Skip to main content

Canaan, Curse of


CANAAN, CURSE OF , curse invoked by Noah upon Canaan (Gen. 9:25–27). It is presented as punishment for a sinful act on the part of his father *Ham (Gen. 9:22–24), "who saw his father [the drunken Noah] naked," implying in the biblical Hebrew a sexual act or even rape (cf. Lev. 18:7ff.). Canaan was to be cursed by becoming "the lowest of slaves to his brothers" (Gen. 9:25). The tale is in keeping with the Torah's depiction of the Canaanites as sexual degenerates (Lev. 18: 24–30). It is elaborated with a blessing upon *Shem, Ham's older brother, and a reiteration of the curse that Canaan would be a slave to Shem (Gen. 9:26). The passage concludes with a blessing upon *Japheth, the youngest brother of Shem and Ham, asserting that he would "dwell in the tents of Shem," and that Canaan would be a slave to him (Gen. 9:27). Lamo, in verses 26–27, is taken to mean "to him"; other scholars interpret it to mean "to them."

This passage has posed a problem for modern interpreters, many of whom see in it an etiology of the historical conditions which brought about Israel's rise to power, namely, the domination of the descendants of Shem over the people of Canaan. The curse upon Canaan mirrors an alliance of the Israelites and the sons of Japheth against a common enemy, the Canaanites. This would best fit the period of David and Solomon, during which there were often close ties between Israel and the Philistines, who were part of the Sea Peoples who originated in the Aegean area (Gen. 10:2, 4, 5). The invasions by the Sea Peoples against Egypt and the eastern Mediterranean are recorded in inscriptions of Pharaoh Merneptah (c. 1212–1203 b.c.e.) and Ramesses iii (1186–1155 b.c.e.).

Noah's curse upon Canaan, therefore, reflects a true historical situation: the alliance between the children of Israel (Shem) and the Sea-Peoples (Japheth) at the expense of the Canaanites. This special background of Genesis 9:20–27 accords very well with its traditional-historical isolation, long noted by commentators. The passage does not presuppose either the J or the P elements in the Flood story (6:9–9:19), since in the latter Noah's sons are already married and their names, in order of birth, are Shem, Ham, and Japheth, whereas in this story at least the youngest son evidently still lives in his father's tent, and the sons' names are Shem, Japheth, and Canaan – in that order. According to some scholars, "Ham the father of " in 9:22 may be a gloss; it was Canaan who committed the misdeed, and who is meant by Noah's "youngest son" in verse 24, and consequently it is Canaan who is cursed in verses 25–27. "Ham being the father of Canaan" (9:18b), too, would in that case also be a gloss added to connect verses 18–19 with verses 20–27. For another view, see U. Cassuto, From Noah to Abraham, pp. 149ff.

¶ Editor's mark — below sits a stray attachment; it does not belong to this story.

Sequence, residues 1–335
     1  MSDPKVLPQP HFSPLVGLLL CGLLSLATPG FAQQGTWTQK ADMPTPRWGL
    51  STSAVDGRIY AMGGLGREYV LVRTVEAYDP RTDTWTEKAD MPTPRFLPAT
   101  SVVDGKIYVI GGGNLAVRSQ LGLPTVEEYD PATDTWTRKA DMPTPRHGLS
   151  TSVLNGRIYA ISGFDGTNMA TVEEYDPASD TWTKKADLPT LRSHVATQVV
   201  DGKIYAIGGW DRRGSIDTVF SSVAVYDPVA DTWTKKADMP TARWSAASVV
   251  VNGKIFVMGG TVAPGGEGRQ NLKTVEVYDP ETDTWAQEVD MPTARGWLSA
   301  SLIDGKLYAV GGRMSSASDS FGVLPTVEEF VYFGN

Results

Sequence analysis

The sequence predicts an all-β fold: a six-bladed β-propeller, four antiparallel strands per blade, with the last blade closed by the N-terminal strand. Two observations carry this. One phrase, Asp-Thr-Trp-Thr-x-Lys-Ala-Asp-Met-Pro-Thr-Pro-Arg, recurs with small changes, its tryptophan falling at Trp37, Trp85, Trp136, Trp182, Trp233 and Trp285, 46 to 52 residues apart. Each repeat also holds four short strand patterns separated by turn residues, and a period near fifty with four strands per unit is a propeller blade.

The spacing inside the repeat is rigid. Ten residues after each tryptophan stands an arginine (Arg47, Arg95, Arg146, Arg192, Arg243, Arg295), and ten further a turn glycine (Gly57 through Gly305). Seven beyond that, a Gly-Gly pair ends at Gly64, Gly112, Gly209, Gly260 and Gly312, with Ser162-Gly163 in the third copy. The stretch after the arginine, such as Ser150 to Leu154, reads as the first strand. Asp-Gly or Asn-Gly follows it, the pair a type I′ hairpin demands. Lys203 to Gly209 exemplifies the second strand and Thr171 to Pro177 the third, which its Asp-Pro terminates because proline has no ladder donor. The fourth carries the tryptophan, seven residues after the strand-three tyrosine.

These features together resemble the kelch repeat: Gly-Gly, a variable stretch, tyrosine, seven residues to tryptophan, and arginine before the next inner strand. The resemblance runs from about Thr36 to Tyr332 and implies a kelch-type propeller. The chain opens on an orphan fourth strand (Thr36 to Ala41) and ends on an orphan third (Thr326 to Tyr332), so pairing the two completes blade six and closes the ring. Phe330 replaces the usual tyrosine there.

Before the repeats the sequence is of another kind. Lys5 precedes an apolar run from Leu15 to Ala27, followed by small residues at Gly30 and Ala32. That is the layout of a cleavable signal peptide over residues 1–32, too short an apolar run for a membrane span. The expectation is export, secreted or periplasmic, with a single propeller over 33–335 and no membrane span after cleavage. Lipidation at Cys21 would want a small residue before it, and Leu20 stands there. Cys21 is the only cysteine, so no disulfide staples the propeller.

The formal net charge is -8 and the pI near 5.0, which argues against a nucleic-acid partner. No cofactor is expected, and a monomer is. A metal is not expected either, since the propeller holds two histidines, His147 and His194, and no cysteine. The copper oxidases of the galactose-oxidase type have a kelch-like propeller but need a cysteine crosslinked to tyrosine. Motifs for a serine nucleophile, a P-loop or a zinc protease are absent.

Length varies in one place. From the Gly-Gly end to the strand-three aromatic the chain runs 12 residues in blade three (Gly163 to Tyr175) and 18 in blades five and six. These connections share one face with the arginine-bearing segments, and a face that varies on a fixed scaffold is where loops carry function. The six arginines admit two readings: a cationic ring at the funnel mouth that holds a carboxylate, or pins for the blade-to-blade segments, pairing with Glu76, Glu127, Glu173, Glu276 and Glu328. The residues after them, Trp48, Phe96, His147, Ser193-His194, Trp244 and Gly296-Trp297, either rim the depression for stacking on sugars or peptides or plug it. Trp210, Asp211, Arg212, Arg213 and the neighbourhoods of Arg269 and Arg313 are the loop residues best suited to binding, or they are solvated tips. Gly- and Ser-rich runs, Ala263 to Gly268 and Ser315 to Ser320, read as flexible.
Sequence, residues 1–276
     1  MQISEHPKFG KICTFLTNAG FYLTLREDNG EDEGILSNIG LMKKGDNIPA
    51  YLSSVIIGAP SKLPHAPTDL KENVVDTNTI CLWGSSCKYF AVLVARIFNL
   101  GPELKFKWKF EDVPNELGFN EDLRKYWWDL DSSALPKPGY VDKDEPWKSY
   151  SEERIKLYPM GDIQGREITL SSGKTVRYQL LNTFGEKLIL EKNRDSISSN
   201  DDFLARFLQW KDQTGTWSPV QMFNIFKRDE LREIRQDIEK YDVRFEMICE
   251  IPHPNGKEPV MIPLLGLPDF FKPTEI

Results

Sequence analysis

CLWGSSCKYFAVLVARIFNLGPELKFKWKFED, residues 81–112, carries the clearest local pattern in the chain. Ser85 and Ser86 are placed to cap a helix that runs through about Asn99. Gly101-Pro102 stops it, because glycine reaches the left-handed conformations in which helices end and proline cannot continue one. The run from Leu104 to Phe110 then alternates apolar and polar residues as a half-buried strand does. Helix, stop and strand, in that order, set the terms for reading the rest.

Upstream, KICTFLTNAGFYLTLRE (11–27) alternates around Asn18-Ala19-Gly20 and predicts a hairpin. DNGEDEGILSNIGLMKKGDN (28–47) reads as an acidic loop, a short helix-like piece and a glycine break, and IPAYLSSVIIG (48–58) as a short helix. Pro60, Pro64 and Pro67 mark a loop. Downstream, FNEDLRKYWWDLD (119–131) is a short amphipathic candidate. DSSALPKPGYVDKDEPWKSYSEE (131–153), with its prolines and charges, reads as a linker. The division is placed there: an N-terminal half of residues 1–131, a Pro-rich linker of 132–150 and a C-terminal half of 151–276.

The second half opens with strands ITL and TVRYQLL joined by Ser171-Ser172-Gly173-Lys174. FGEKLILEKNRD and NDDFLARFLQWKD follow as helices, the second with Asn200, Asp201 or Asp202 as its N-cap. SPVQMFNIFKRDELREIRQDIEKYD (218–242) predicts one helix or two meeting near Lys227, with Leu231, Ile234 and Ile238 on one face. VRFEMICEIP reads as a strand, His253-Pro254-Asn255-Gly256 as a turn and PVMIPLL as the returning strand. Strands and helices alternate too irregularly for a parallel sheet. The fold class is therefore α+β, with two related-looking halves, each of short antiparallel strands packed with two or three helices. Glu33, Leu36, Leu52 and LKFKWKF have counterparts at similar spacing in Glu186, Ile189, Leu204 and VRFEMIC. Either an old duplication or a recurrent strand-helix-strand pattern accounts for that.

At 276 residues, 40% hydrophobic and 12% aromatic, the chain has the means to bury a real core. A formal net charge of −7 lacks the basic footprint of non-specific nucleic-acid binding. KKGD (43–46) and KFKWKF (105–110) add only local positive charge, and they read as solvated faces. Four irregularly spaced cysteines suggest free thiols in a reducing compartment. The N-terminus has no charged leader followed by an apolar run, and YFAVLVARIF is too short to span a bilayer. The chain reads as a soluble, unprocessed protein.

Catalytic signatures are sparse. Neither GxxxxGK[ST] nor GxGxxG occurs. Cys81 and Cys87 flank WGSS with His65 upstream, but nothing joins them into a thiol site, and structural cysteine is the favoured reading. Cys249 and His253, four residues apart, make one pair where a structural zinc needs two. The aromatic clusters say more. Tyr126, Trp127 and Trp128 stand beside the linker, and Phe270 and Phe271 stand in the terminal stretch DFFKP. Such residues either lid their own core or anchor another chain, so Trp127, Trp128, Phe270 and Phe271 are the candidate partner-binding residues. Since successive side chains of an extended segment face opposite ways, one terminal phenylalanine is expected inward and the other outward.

K. Budde, Biblische Urgeschichte (1883); H. Gunkel, Genesis, uebersetzt und erklaert (1902), 70; J. Skinner, A Critical and Exegetical Commentary on Genesis (1917, icc), 182; G. Von Rad, Genesis. A Commentary (1961), 131; D. Neiman, in: A. Altmann (ed.), Biblical Motifs (1966), 113–34. add. bibliography: S.D. Sperling, The Original Torah (1998), 88–90.

[David Neiman /

S. David Sperling (2nd ed.)]

Cite this article
Pick a style below, and copy the text for your bibliography.

  • MLA
  • Chicago
  • APA

"Canaan, Curse of." Encyclopaedia Judaica. . 17 Jan. 2019 <>.

"Canaan, Curse of." Encyclopaedia Judaica. . (January 17, 2019).

"Canaan, Curse of." Encyclopaedia Judaica. . Retrieved January 17, 2019 from

Learn more about citation styles

Citation styles gives you the ability to cite reference entries and articles according to common styles from the Modern Language Association (MLA), The Chicago Manual of Style, and the American Psychological Association (APA).

Within the “Cite this article” tool, pick a style to see how all available information looks when formatted according to that style. Then, copy and paste the text into your bibliography or works cited list.

Because each style has its own formatting nuances that evolve over time and not all information is available for every reference entry or article, cannot guarantee each citation it generates. Therefore, it’s best to use citations as a starting point before checking the style against your school or publication’s requirements and the most-recent information available at these sites:

Modern Language Association

The Chicago Manual of Style

American Psychological Association

  • Most online reference entries and articles do not have page numbers. Therefore, that information is unavailable for most content. However, the date of retrieval is often important. Refer to each style’s convention regarding the best way to format page numbers and retrieval dates.
  • In addition to the MLA, Chicago, and APA styles, your school, university, publication, or institution may have its own requirements for citations. Therefore, be sure to refer to those guidelines when editing your bibliography or works cited list.